The conclusion is this: new players in the storage market can achieve expected market growth because their agile infrastructure will allow them to add more functionality a lot easier. They have the experience of developing technology and integrating it in a streamlined, quality product.

  2. This post has been deleted by its author

  3. Jim Jonez

    What Makes the Difference

    This article captures key trends that are becoming evident to everyone: Flash technology is here to stay. Tiered storage systems based on hybrid arrays deliver cost effective and performance optimized storage.

    What makes the real difference is how data is managed and moved to the appropriate tier. With today’s workloads driven by people accessing information in real time, and machine data that is collected and communicated continuously, the resultant workload on storage is fundamental different than in the recent past. Some projections anticipate 50 billion devices connected to the Internet by 2020, all gathering and sharing information in real time. So, what will differentiate solutions from vendors is how hybrid storage systems identify and move data among tiers. Look for those that do this in real time. Real-time tiering makes the difference.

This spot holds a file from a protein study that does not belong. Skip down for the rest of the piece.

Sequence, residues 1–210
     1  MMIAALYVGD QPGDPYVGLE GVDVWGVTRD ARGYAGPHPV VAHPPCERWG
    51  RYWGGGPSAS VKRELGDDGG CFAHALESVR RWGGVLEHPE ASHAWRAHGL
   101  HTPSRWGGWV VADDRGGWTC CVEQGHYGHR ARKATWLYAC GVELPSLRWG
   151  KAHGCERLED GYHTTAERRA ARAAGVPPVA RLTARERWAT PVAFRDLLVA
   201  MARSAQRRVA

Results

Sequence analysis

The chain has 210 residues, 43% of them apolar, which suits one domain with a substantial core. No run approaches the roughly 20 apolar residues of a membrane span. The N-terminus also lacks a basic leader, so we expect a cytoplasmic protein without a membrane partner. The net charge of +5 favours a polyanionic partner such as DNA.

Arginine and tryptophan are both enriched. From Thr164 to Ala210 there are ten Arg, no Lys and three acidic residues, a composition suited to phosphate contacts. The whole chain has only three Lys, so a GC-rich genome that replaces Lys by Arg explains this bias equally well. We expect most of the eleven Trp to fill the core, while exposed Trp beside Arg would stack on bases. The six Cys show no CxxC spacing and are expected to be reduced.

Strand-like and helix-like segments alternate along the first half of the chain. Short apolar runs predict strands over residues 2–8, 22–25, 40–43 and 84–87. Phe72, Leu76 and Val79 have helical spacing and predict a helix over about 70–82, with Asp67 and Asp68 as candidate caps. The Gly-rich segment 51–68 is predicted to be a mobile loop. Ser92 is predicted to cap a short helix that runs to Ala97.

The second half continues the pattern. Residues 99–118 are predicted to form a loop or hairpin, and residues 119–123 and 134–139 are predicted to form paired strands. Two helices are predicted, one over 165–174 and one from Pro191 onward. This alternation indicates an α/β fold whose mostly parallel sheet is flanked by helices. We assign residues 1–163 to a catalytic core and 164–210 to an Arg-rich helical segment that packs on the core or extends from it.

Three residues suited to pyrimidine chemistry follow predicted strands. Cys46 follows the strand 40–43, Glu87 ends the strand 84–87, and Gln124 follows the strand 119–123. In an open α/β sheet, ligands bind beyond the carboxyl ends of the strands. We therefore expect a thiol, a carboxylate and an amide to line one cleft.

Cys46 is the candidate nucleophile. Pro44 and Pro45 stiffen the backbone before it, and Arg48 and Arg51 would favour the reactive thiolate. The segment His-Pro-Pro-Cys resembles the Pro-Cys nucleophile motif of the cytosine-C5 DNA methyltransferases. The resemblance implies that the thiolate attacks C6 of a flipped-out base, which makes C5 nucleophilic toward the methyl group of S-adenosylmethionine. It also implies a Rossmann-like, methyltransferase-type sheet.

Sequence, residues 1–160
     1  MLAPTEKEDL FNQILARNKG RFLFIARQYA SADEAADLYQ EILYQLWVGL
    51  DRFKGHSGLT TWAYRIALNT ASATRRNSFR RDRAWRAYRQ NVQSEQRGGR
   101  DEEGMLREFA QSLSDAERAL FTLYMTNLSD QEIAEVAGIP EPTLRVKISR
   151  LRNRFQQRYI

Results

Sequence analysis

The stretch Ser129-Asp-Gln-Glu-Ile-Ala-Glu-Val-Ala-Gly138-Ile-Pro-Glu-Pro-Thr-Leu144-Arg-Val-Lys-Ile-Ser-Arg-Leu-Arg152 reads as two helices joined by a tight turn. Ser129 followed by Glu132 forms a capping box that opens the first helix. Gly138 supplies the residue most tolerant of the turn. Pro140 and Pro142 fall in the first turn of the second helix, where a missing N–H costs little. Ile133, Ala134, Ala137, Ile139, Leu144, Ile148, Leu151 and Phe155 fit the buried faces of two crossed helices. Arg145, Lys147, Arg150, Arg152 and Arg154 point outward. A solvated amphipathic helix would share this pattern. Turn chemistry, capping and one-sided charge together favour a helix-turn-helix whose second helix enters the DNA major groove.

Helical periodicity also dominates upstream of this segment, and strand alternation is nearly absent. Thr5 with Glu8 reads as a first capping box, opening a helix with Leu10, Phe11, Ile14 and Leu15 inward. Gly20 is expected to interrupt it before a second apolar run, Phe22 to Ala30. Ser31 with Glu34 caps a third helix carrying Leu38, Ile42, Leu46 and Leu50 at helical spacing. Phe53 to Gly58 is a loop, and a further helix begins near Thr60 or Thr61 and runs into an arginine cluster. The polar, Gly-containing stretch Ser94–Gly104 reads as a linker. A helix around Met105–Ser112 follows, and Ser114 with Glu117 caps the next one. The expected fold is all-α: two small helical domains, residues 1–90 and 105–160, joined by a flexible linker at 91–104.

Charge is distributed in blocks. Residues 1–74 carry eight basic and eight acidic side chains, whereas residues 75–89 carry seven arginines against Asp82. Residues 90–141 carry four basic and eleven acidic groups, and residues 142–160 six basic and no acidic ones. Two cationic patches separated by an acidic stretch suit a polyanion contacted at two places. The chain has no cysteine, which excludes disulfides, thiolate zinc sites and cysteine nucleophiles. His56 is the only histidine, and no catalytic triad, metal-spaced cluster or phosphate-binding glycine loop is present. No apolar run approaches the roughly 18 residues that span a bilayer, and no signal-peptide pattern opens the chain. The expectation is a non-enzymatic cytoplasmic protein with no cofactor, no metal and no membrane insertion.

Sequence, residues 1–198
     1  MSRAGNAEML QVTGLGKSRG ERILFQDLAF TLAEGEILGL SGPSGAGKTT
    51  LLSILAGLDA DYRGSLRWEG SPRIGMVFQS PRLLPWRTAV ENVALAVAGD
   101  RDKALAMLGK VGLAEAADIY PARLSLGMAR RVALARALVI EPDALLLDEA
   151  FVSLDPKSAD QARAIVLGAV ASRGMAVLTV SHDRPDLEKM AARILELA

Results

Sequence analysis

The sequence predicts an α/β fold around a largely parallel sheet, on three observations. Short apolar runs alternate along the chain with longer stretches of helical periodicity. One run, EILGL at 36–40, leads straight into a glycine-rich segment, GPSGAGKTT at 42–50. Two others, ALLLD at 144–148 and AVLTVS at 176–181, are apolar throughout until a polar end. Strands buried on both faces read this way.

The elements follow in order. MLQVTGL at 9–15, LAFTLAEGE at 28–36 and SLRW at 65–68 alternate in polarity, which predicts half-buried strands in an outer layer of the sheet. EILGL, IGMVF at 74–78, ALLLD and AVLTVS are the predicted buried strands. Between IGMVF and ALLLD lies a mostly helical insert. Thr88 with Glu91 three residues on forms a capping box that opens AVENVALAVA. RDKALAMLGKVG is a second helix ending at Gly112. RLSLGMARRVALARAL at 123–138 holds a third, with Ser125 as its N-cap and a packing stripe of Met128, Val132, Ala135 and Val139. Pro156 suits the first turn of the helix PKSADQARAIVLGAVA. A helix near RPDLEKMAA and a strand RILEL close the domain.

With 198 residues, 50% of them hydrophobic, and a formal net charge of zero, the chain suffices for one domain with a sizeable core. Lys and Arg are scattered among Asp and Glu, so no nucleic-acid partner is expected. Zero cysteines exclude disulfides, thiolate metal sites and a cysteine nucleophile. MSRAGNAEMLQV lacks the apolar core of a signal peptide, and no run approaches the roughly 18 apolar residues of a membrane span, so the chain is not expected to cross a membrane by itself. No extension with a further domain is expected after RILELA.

4. Taube

    I applaud Enrico's recent article in the Register. Particularly when he states, "they've got to have products capable of serving blocks as well as file or objects, and build integrations (or integrated data services) on top of that." Why should customers be forced to choose? What is needed is one unified storage architecture that cost-effectively supports block, file, and object. Only 4% penetration for all-flash arrays means we are not yet meeting the customers’ needs. Effective unified storage is possible and should be everyone’s focus.